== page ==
Sunday, December 5, 2010



Eating Her Wedding Dress: A Collection of Clothing Poems edited by Vasiliki Katsarou, Ruth O’Toole, and Ellen Foos
(Ragged Sky Press, Princeton, N.J., 2009)

Of the books I read to review this year, this anthology is easily my favorite. It is well-designed and well-curated. I found myself marking poem after poem as one I would want to revisit later. As Vasiliki Katsarou mentions in her introduction, “Poets from far and wide have responded poignantly and with humor to our call for poetry about clothing.” The editors clearly had a generous selection of good submissions to choose from, and the final selection includes both modern classics (such as Billy Collins’s “Taking Off Emily Dickinson’s Clothes” and Maxine Kumin’s “How It Is”) and oughta-be classics by poets whose work I haven’t encountered anywhere else.

There are sassy, mouthy poems; poems of yearning and of mourning; reflections on gender, reflections on power, and reflections on reflections. There are several varieties of silly, including vicious (Janis Butler Holm’s “If Paris Hilton Wrote Poetry”), droll (Wally Glickman’s “Makinglove” – “I’ve never been so smitten / by any muff or mitten”), and flowery (Rachim Baskin’s “Forsythia, you floozy!”). The better-known poets in the collection include Margaret Atwood, Lynn Emanuel, Jorie Graham, Jean Hollander, Paul Muldoon, and Charles Simic. There is a Susan Stewart translation of “The Apron,” a poem by Alda Merini (“one of Italy’s most important living poets” and twice nominated for the Nobel Prize). Li-Young Lee is invoked in John Estes’s “A few chemicals mixed together and flesh and blood and bone just fade away!”

One of the most appealing aspects of this collection is how many stories it contains, and stories within stories. Marcia Aldrich’s “White Blouse” mentions a suicide attempt, while Shoshauna Shy’s “What Shall I Wear to Meet Your Wife” rejects at least four articles of clothing in the course of determining what’s appropriate. Maxine Sussman’s “Packing for College” addresses a child about to leave home (“Some things / in your toss pile I regret, but why / should I save what you don’t want?”), while Michael R. Brown’s “Parents Held Hostage by Hatless Teen” simmers with the danger awaiting a child outside the home (“knowing our son had put a price / on his head with the hat he’d bought”), and Alice Friman’s “Diapers for my Father” ruefully conveys the panic inherent in the shopping expedition for the items in question, neatly bookending the piece with allusions to Hamlet. Juditha Dowd and her female partner’s grief “For the One Who Will Not Be” is depicted in a vision of tiny coats marching away, while Lynne Shapiro’s “Your Dead Mother” and Daniel W.K. Lee’s “Ties” take shape around the absence of beloved parents. Lesley Wheeler writes of being young, Jewish, and terrified in “Dressing Down, 1962,” and Beatrice M. Hogg’s fond tribute to Richard H. Person, “Fabulous,” vividly portrays a man who looked good in everything from “African caftans” to “US Air Force full dress uniform.” Later in the book, Wanda S. Praisner takes a long look at a photograph of a dress worn by Empress Elisabeth of Austria.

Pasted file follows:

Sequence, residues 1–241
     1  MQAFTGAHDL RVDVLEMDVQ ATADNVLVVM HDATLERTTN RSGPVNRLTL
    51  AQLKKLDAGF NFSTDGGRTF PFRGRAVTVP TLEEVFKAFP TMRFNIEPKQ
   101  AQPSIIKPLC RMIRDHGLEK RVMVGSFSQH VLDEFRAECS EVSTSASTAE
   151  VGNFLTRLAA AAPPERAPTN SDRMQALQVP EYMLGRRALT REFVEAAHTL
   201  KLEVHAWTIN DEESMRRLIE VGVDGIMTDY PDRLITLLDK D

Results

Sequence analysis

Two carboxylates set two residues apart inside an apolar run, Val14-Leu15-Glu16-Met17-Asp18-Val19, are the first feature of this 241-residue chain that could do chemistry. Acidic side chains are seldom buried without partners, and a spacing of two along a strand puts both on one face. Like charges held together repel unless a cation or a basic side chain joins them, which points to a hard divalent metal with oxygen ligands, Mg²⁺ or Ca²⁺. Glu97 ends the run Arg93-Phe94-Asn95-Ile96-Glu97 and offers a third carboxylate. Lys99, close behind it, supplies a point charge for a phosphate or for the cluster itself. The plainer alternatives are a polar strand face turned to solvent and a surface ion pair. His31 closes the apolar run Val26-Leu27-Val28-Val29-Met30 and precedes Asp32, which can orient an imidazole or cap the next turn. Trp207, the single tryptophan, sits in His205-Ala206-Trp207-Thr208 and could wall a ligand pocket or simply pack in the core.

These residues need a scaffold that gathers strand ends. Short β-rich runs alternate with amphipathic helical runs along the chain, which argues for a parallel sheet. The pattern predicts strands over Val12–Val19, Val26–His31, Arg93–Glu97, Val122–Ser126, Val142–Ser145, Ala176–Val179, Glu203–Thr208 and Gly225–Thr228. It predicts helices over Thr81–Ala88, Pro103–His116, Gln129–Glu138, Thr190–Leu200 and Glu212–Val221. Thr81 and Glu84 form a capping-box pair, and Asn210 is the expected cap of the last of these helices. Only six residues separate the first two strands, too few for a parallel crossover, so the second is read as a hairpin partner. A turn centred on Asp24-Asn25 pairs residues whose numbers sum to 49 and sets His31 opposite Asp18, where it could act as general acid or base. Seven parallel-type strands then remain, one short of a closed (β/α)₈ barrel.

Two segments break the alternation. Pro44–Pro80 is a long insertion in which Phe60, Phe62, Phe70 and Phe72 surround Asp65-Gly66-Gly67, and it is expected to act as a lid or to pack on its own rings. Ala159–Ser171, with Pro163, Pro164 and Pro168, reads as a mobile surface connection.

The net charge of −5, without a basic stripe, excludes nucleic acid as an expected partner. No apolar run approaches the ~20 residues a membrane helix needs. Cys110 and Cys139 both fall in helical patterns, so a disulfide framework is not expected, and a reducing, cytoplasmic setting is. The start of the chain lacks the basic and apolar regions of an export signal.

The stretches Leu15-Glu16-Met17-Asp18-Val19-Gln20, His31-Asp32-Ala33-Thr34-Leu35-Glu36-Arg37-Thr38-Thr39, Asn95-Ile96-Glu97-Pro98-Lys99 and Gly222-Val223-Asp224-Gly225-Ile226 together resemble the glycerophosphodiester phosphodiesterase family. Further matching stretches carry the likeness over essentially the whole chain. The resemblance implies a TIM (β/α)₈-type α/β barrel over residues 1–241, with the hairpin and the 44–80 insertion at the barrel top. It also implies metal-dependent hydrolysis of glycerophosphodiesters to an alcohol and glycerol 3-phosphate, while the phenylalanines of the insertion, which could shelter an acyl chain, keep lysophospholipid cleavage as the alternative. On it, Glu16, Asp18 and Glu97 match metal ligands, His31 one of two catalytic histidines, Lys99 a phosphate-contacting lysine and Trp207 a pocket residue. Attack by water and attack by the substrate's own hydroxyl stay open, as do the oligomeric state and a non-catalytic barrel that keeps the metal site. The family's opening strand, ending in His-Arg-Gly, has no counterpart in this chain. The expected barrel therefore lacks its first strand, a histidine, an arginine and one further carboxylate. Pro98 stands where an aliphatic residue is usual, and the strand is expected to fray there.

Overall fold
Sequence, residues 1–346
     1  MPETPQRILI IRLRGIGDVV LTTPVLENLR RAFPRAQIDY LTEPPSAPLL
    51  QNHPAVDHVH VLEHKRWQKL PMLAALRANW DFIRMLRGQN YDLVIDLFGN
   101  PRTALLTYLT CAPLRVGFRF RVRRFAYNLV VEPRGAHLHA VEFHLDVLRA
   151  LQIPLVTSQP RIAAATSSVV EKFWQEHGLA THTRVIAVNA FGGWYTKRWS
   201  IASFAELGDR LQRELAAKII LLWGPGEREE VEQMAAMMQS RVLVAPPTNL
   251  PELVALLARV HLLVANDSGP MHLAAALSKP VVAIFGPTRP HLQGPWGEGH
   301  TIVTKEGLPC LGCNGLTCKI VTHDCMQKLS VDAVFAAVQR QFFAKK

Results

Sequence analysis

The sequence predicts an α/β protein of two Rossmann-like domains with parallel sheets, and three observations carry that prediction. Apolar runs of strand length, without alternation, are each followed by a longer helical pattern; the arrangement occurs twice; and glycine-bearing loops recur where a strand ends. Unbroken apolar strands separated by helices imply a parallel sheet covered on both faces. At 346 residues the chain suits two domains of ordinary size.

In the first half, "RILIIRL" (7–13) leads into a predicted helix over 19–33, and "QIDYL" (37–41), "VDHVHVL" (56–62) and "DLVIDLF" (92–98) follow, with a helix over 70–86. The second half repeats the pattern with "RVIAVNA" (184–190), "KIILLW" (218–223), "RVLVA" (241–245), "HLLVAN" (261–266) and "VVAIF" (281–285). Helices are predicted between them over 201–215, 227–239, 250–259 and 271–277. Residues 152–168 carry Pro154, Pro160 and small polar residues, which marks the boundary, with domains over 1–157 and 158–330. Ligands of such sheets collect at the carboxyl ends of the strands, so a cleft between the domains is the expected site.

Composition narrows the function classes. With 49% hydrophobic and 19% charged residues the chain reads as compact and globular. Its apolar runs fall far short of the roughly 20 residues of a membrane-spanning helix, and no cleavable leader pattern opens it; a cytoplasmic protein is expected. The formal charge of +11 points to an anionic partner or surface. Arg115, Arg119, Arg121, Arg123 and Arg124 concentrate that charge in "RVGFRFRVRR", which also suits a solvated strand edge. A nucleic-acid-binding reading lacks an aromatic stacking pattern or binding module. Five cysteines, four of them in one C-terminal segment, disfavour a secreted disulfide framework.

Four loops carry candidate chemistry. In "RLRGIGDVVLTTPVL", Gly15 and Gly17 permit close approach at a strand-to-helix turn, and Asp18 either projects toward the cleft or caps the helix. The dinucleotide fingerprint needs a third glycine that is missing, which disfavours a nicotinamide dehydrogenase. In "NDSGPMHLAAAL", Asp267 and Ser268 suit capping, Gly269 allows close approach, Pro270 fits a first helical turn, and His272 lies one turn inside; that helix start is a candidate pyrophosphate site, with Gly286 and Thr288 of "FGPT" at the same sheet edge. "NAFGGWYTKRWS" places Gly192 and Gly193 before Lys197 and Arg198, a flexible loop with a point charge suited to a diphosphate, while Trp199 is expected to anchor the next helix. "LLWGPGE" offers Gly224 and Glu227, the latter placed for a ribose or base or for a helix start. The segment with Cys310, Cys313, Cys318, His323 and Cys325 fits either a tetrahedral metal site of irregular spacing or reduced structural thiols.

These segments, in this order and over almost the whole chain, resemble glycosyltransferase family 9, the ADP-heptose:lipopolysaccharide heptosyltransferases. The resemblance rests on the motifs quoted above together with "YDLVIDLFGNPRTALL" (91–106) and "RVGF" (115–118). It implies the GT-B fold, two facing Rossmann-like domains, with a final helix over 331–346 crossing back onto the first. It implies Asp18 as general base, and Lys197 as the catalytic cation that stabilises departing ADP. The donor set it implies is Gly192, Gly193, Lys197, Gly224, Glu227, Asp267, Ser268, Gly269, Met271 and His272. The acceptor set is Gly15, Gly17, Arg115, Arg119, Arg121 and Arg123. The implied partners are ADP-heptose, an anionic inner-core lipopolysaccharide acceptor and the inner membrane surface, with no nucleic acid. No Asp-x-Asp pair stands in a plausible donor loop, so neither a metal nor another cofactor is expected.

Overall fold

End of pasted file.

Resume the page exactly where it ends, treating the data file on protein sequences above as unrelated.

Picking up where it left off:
I also relish how frank this collection is about sex. I didn’t expect to like Jan Beatty’s “When Foucault Entered the Body,” but “My friend Aaron said he’d like to give Sean Penn / a tongue bath, & I guess that’s clear enough” is a killer opening no matter how you slice it. John L. Falk declares that “To shed clothing for a woman / Is to don dominion,” and also that “A naked woman with a pen knife / Could rip the day or night sky / Open with a shrug, or the slightest / Flexing of her wrist” (“Clothes and Power”). Shaindel Beers’s “Taking Back the Bra Drawer” bitterly glares at past and future in the wake of a sudden breakup--
I want him here to the degree
of absenting myself. I will be any woman –
one who hasn’t slept with other women, or
who hasn’t been married before – one who will
sew by hand until she is needle-pricked dry.

--whereas Erin Elizabeth Smith seems flummoxed by the contents of her closet, which include a lime halter dress, an orange tube top, and ruffled zebra print: “I barely know myself / through these – what floors they’d slept on, / while I thrashed in some bed.” Mmm!

Last but not least, the poems about red clothing were standouts for me. (I resisted the color as a child -- I associated it with being Asian, which was something I mightily resented back when it was a reason for other kids to pick on me. Now, of course, there being plenty of other reasons for people to pick on me, I wear red as often as I wear black, and I’ve even completed a 5K in a scarlet evening gown.) The anthology spotlights other colors as well -- a white t-shirt, a yellow blouse, a blue dress – but it’s the reds that call out to me: Jane Knechtel ‘s red bra, Christina Lovin’s red hat, Eve’s red dress (given voice by Diane Lockward), and - a favorite among favorites -- Kim Addonizio’s “ ‘What Do Women Want?’”
I want that red dress bad.
I want it to confirm
your worst fears about me,
to show you how little I care about you
or anything except what
I want.


Peg Duthie shares a house in Nashville with a tall man, a large dog, and a short piano. She blogs about poetry at Vary the Line and tweets about it now and then (@zirconium).

1 comment:

Kitchen Benchtops said...

I'm quite certain I will learn many new stuff right here! Best of luck for the next!